I think it's all about how diluted the mixture is. I use a mixture of bleach, TSP, and water (as recommended by Sikkens), and it works great and keeps costs down. Is it possible that the companies who make deck cleaners are the ones telling us over and over again how harmful bleach can be?

Tim Lynch

New Member

This all comes down to a professional or DIYer.

Bleach used the right way 20 to 1 I would say is fine for wood, But bleach rots wood fibers just like it will do to your clothes.

I am hearing more and more about this Oxigenated Bleach? I understand it's good for trex decks. A customer I had wanted me to just wash his deck and he was going to seal it. It was a real easy deck and down the road so I lowballed him for the fun of it. Seemed like a nice guy. Next thing I get this letter in the mail from him with a sheet of how to clean with Oxigenated Bleach? Whaaa????? I told him he asked for a quick wash and then he started to go technical on me. I told him some one eles uses the bleach and he should call him. He called back a few days later saying he was going to forget the bleach... Yeah he saw the new price. No thanks red flag!

Nope no bleach
Last edited:

Tim Lynch

New Member
Originally posted by Jim Bilyeu
I have never used bleach and I never will, it's a cheap fix with a long term problem.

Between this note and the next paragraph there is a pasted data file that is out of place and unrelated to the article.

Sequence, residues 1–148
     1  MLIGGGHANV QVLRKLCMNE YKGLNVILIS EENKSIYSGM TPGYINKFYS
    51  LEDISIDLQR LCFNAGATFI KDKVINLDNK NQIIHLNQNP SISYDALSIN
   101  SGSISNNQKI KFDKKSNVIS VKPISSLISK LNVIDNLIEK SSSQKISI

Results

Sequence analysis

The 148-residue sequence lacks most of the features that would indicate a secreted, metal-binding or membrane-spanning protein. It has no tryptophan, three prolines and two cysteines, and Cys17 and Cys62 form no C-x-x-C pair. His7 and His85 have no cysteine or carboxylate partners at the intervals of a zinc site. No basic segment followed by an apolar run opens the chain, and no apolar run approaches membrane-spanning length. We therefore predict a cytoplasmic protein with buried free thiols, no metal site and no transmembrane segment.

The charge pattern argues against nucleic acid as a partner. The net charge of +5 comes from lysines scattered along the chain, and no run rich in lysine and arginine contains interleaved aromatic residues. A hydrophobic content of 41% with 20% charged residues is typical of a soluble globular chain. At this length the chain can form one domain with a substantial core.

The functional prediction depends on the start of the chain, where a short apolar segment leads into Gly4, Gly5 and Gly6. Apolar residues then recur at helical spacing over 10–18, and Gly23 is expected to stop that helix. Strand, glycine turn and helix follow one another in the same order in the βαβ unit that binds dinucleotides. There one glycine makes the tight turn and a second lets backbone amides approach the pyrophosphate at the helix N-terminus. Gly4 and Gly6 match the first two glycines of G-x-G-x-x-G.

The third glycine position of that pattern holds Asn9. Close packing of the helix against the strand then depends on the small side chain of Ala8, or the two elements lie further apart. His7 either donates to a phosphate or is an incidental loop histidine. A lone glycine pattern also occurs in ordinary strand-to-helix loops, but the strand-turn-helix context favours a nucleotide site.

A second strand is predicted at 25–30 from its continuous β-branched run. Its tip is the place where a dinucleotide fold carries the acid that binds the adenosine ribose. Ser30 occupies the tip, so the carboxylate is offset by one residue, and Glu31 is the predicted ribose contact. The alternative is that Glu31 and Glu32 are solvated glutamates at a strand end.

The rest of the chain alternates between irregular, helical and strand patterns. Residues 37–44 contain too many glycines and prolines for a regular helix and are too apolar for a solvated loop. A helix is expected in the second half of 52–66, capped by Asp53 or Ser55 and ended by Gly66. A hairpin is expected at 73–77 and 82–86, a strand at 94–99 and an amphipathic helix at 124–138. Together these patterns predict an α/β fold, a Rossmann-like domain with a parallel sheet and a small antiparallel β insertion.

Jim Bilyeu
Exterior Woodcare

I remember the poll I posted about what wood do you work most often with. Redwood was real low. Redwood never but now p-treated mite be a differant story.


New Member
Quote from Jim Bilyeu
If your only getting 10 to 15 years life out of a deck, somthing is wrong. Maby your seeing the effects of using bleach and just not knowing it. Bleach speeds up the degrading process, not blow it up.

I just happened to be looking at this website last night
it is from the this old house website.

Pressure-Treated Wood

Advantages: Economical and plentiful, pressure-treated wood lasts around 15 years when properly treated with a water repellent every two years.
Everyone has their oppinion I guess.
Mine comes from asking the deck building contractors in my area and research on the web.


New Member
I routinely see ptw and cedar decks that are over 20 years old, many older than that.

Personally, I don't really care what This Old House says, because they are not wood care experts.

Bleach is not a cleaner, it is more of a disinfectant, and a mighty harsh one at that.

Why even think about using bleach when there are so many products available that work so much better?

The right tool for the job is the way to go....and bleach is not the right tool for washing wood decks.

Clean County

New Member
This an OPINION loaded question and good professionals here will disagree on the use of bleach when cleaning decks.

I've seen products that advicate the use of bleach in them when cleaning decks,sidings etc. such as JOMAX.